Yeah, pretty much. We always have different concepts for the records. For 21st we were kinda thinking like we were this ’60s band totally out of time, like we were in the 1960s. With Star Power, what if that band was given a massive recording budget and ultimate creative control by their record label and tons of cocaine, you know? [Laughs] Where would that go? And this one’s kind of a deviation from the lineage of that band, but it’s kinda going back to the ’30s or ’40s or something.
Sure, and it’s a California record beyond the fact that you guys are both California dudes.
As a producer who’s honed his chops with a lot of other well respected names in the business, why was it important for you to go in and make this studio record proper, to compose and arrange for a large string section, and to spend the time creating a work of this much grandeur and scope?
It is very rewarding, being a producer and working with other artists, and I feel like I’m pretty good at it. I feel like I’m a good collaborator, I can bring things to other people’s albums. But ultimately I feel like Foxygen is my music.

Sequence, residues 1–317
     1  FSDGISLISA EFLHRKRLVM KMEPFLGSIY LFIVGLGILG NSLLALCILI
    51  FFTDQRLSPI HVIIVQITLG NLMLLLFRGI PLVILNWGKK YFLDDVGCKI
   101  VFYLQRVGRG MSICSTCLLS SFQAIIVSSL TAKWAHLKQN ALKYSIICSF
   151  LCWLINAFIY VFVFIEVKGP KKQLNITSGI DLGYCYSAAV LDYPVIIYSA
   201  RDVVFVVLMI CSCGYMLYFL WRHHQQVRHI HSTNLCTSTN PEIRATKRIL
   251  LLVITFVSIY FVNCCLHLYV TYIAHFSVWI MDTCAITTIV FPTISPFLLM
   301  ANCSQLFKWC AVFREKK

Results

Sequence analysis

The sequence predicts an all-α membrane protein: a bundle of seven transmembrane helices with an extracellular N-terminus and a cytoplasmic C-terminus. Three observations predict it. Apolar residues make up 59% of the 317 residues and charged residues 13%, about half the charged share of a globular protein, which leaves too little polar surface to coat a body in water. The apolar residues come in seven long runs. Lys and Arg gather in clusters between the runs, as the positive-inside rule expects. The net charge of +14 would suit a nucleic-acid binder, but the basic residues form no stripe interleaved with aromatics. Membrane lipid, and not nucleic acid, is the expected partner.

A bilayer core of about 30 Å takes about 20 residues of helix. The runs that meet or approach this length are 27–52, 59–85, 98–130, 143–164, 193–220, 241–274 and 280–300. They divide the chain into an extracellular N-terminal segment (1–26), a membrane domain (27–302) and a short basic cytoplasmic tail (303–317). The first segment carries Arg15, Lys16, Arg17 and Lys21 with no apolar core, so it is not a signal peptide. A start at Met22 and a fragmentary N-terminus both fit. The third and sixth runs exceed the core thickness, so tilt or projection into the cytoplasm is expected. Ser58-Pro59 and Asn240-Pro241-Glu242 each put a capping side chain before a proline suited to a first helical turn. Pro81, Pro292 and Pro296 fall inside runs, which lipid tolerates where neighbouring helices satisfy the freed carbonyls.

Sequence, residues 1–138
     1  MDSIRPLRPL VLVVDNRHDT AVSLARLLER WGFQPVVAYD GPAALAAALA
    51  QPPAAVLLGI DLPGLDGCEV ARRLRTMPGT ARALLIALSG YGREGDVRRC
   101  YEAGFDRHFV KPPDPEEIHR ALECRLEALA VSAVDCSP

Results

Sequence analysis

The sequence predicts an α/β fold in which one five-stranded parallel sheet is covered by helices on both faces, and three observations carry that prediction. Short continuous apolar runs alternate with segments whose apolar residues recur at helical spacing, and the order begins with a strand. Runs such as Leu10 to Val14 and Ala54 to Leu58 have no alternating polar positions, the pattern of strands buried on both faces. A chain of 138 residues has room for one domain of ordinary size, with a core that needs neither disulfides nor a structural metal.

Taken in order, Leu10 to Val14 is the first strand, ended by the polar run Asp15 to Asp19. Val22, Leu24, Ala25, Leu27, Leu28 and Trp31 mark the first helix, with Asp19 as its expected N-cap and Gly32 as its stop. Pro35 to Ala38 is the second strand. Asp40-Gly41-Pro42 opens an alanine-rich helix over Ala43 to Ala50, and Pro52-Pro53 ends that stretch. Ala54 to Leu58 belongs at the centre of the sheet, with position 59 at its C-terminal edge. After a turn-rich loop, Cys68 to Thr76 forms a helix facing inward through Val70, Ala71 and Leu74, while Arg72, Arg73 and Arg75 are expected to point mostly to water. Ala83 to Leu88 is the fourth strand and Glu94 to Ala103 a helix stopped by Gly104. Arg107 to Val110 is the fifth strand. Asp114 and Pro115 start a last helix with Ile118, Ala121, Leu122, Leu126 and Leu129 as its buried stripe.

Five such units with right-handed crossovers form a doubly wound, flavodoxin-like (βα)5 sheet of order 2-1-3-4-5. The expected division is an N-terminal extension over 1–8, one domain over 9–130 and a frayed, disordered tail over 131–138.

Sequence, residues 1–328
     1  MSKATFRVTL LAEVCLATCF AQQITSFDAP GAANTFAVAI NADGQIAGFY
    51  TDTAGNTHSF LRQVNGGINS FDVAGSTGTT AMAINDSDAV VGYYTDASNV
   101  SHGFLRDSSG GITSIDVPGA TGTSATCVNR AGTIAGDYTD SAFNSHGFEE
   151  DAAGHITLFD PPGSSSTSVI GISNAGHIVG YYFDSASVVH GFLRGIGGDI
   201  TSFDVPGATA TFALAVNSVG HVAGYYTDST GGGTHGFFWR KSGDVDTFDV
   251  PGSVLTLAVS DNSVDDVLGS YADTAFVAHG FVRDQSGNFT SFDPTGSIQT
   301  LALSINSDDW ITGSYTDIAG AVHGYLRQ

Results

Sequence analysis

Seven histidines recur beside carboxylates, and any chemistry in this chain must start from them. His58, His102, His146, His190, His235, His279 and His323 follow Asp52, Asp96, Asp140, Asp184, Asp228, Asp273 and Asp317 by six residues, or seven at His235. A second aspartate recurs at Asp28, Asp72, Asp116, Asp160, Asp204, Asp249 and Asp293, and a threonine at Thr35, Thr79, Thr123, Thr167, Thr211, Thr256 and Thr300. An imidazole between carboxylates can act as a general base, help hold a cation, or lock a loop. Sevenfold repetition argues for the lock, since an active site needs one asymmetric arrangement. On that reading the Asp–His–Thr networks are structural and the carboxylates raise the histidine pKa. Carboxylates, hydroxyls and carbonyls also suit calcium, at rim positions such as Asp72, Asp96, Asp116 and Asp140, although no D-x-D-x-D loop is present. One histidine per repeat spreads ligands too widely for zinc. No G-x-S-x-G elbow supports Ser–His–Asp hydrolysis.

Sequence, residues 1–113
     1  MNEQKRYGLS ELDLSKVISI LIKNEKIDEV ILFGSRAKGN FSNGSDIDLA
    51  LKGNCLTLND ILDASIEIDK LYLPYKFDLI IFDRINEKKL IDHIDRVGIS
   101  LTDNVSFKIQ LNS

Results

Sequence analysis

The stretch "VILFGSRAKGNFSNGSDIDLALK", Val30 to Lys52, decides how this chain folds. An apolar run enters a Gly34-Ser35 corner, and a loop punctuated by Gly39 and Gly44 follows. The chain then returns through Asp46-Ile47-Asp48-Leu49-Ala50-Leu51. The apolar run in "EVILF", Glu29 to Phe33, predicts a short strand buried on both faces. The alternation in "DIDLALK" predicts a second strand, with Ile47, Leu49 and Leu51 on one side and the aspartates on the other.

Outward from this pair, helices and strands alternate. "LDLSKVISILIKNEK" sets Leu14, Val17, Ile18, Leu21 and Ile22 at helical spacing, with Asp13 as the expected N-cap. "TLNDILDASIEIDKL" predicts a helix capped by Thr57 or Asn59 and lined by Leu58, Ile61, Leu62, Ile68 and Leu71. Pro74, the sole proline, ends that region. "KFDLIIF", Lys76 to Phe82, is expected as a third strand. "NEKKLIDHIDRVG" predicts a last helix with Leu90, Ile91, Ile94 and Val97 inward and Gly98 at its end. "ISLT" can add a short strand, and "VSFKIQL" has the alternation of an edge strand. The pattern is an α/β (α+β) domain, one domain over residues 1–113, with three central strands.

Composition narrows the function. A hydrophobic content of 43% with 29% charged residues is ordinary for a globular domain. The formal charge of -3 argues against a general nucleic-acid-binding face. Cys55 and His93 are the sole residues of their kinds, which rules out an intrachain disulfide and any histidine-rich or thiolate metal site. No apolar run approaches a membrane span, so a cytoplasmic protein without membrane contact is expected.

You’re the Paul Schafer of Foxygen.
Yeah, exactly! Whitney and The Lemon Twigs, those records are great and I loved working on them, but you leave and the band goes on.
So you’ve kind of embraced that transcience and channeled it into Foxygen as a result?
Yeah, it’s kind of sad in a way. But Foxygen is the main project, you know, and it’s the kind of thing I wanna go all out for.
The insanity of Star Power seems to still be here, but it’s condensed, and thematically there just seems to be a lot of sorrow on this album, a uniquely West Coast sorrow.
You’re definitely right, and I think there’s just something about making the “L.A. record” that’s kind of sad. It’s a sad city, the city of broken dreams. [Laughs]